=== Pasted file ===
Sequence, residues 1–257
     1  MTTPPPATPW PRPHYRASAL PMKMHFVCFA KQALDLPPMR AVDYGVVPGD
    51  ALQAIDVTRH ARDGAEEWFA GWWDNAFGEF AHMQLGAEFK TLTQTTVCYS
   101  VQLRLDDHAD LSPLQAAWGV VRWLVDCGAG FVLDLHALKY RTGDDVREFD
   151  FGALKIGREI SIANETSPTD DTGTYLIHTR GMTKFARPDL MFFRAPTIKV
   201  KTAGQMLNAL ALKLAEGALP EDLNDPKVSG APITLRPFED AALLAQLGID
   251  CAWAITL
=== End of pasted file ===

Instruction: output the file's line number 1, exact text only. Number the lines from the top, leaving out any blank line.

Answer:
Sequence, residues 1–257